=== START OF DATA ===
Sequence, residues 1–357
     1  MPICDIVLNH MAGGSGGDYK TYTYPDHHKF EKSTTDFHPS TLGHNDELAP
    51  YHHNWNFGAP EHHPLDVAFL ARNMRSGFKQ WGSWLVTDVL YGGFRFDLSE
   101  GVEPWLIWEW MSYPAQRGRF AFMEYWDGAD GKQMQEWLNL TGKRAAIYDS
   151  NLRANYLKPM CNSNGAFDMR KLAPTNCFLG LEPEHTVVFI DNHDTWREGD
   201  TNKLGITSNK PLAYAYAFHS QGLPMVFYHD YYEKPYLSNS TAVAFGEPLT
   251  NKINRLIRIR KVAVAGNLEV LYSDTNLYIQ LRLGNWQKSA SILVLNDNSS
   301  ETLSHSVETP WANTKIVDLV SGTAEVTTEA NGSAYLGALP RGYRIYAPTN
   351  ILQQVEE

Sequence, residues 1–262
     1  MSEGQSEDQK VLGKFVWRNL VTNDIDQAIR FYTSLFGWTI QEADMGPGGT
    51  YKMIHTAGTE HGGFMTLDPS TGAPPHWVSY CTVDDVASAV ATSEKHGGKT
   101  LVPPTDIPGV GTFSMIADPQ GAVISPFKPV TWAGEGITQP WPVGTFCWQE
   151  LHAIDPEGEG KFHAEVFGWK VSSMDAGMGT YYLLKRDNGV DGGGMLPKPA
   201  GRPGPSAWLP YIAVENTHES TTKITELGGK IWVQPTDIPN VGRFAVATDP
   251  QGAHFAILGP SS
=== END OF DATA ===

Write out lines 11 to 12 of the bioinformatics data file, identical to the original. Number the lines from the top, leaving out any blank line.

     1  MSEGQSEDQK VLGKFVWRNL VTNDIDQAIR FYTSLFGWTI QEADMGPGGT
    51  YKMIHTAGTE HGGFMTLDPS TGAPPHWVSY CTVDDVASAV ATSEKHGGKT